Going The Distance
by M. Faust
It’s hard to go truly wrong with the romantic comedy genre—they’re simple and inexpensive films to make, and the audience for them is not too hard to please. Yet somehow Going the Distance manages to come up short.
In its favor it has Drew Barrymore, who has a good track record with this kind of thing, and a promising premise: How do you sustain love when you have to live 3,000 miles apart?. (I am writing this from a hotel room in Montreal, where I am attending the film festival, and I miss my wife, so I’m primed to be affected by this.)
But this script is meant for a younger actress. Barrymore is 36, playing 31, and even that’s pushing it for a character entering the job market after her last year of school. It only makes matters worse that her co-star is Justin Long, who looks a good 10 years younger than her. (The bangs don’t help.) And it’s not the kind of story where you can get away with that: The problems of 20-somethings separated are different from those of 30-somethings separated.
The script seems to have been written in the early 1990s, judging from the outdated references (Marky Mark, The Beastie Boys) and arcane job market (record labels, newspapers). Worst of all, the dialogue seems to have been written after one too many viewings of Clerks: The movie is filled with excessively raunchy talk that sounds like it was written by a horny 14-year-old. Some of it comes from the leads (Long’s greeting to Barrymore on a trip to California is a particular embarrassment), but much of it is from a glut of irritating supporting characters who take up way too much of the movie’s length.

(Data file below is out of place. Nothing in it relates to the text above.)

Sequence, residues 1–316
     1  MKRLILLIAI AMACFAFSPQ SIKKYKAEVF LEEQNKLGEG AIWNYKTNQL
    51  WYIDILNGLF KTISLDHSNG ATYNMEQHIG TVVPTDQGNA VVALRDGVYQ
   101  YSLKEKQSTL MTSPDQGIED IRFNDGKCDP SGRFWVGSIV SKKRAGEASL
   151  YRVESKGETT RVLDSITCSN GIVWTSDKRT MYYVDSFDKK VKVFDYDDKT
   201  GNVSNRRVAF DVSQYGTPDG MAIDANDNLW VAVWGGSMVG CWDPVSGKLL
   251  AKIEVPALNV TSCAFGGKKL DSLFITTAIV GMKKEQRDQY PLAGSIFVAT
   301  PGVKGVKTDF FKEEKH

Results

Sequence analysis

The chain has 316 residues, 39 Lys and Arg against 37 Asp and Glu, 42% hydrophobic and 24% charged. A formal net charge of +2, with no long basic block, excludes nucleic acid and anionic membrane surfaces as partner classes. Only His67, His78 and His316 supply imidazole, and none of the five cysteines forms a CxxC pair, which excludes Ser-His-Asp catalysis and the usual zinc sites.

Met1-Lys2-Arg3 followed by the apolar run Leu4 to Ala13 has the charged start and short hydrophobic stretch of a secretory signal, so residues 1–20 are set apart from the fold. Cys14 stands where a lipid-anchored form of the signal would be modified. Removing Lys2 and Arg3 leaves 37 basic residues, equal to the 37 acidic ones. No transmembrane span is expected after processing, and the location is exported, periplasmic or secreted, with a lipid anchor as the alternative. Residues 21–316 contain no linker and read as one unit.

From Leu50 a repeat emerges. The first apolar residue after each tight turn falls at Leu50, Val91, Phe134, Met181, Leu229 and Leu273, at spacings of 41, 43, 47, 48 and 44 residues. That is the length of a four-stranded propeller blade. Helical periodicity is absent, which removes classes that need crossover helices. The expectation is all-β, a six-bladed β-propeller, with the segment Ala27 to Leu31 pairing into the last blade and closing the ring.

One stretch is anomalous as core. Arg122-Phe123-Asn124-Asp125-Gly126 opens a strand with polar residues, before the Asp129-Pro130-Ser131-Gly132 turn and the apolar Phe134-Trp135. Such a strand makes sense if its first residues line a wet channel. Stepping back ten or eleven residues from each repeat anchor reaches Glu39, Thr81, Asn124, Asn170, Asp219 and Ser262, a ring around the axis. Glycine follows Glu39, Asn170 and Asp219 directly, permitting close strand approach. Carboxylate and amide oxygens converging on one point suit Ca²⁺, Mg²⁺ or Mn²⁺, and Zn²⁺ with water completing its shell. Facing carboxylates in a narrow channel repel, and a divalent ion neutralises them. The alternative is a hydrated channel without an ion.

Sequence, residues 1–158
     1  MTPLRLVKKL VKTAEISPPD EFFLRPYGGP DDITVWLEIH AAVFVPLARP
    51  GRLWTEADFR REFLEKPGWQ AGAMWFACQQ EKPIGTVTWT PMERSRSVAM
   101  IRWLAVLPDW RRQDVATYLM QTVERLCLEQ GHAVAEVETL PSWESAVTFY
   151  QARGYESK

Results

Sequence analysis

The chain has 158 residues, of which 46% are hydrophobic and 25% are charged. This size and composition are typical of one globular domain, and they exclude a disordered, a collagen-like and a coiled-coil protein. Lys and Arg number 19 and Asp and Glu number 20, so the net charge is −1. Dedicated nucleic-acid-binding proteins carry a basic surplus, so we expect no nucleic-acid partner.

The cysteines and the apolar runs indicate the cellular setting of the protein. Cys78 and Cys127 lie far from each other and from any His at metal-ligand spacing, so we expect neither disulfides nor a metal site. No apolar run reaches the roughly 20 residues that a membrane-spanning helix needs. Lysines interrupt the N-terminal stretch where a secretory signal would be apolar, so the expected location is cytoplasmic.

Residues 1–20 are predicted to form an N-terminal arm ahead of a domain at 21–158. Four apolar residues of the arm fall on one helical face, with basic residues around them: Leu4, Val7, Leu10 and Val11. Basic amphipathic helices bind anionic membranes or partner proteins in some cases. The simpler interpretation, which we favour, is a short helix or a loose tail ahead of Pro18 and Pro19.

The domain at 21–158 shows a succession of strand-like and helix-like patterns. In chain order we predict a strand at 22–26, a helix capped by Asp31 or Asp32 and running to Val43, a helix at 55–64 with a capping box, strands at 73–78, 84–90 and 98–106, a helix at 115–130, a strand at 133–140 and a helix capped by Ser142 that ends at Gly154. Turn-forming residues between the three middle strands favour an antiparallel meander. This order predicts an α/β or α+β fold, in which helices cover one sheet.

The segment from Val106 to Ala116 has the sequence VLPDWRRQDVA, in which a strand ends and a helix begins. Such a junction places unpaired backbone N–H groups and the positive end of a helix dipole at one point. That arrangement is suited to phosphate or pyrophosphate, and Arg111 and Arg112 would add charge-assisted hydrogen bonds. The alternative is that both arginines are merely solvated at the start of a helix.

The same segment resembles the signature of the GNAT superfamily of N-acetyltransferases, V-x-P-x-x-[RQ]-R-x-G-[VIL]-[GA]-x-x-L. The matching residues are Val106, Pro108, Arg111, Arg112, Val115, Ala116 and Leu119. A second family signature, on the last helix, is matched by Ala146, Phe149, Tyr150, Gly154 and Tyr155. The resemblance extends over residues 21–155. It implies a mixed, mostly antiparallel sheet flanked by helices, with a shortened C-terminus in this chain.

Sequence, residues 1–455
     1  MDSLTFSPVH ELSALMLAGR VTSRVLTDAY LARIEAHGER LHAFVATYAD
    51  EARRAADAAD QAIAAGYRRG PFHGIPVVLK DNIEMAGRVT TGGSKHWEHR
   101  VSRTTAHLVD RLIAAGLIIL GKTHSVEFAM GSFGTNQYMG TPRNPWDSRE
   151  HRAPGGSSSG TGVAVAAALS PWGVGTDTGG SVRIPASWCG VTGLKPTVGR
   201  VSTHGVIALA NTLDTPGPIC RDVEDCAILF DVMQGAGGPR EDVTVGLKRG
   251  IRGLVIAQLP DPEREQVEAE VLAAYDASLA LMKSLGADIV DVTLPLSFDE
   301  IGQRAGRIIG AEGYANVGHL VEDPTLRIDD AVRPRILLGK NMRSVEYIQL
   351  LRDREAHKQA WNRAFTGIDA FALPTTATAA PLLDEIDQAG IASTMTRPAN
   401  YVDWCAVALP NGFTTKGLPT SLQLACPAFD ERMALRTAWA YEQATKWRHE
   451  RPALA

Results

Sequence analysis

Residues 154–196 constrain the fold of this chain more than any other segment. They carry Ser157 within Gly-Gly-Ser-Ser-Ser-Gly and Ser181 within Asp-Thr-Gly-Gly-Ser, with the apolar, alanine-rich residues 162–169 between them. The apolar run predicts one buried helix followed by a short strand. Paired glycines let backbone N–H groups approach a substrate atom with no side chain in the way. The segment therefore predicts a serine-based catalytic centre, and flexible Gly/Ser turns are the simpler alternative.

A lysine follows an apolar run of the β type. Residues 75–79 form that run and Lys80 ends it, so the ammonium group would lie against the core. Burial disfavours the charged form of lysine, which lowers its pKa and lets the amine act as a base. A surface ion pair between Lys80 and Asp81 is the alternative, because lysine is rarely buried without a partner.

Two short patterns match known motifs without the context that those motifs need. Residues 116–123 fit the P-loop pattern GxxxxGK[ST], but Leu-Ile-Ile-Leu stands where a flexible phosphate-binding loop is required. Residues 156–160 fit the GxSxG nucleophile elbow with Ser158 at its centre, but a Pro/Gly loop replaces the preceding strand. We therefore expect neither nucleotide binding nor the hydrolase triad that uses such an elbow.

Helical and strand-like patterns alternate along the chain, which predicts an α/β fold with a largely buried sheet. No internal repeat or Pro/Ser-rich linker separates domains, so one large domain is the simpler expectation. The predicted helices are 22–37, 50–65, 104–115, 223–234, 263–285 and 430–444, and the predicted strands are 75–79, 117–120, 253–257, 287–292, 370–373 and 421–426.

At the same time, the movie never manages to capture the pains and longings of separated lovers. We understand their plight, but never feel their loss. Teenage boys who stumble into this movie by accident may enjoy it, but the core audience for romantic comedies is likely to go somewhere else.
Watch the trailer for Going The Distance
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